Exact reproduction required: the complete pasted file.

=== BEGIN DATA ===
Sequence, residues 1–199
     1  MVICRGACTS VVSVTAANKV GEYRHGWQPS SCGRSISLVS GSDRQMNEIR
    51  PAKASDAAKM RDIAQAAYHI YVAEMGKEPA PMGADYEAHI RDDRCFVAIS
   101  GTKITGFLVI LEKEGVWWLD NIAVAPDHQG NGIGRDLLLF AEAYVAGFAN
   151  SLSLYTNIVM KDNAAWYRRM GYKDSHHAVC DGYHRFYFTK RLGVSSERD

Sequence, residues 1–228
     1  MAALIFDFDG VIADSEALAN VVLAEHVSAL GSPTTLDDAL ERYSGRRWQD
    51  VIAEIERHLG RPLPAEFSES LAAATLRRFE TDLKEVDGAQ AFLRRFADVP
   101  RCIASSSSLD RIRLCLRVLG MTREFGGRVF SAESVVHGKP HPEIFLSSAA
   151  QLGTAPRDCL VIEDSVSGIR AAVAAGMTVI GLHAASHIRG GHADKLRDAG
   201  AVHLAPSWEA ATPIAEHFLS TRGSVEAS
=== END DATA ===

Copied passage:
Sequence, residues 1–199
     1  MVICRGACTS VVSVTAANKV GEYRHGWQPS SCGRSISLVS GSDRQMNEIR
    51  PAKASDAAKM RDIAQAAYHI YVAEMGKEPA PMGADYEAHI RDDRCFVAIS
   101  GTKITGFLVI LEKEGVWWLD NIAVAPDHQG NGIGRDLLLF AEAYVAGFAN
   151  SLSLYTNIVM KDNAAWYRRM GYKDSHHAVC DGYHRFYFTK RLGVSSERD

Sequence, residues 1–228
     1  MAALIFDFDG VIADSEALAN VVLAEHVSAL GSPTTLDDAL ERYSGRRWQD
    51  VIAEIERHLG RPLPAEFSES LAAATLRRFE TDLKEVDGAQ AFLRRFADVP
   101  RCIASSSSLD RIRLCLRVLG MTREFGGRVF SAESVVHGKP HPEIFLSSAA
   151  QLGTAPRDCL VIEDSVSGIR AAVAAGMTVI GLHAASHIRG GHADKLRDAG
   201  AVHLAPSWEA ATPIAEHFLS TRGSVEAS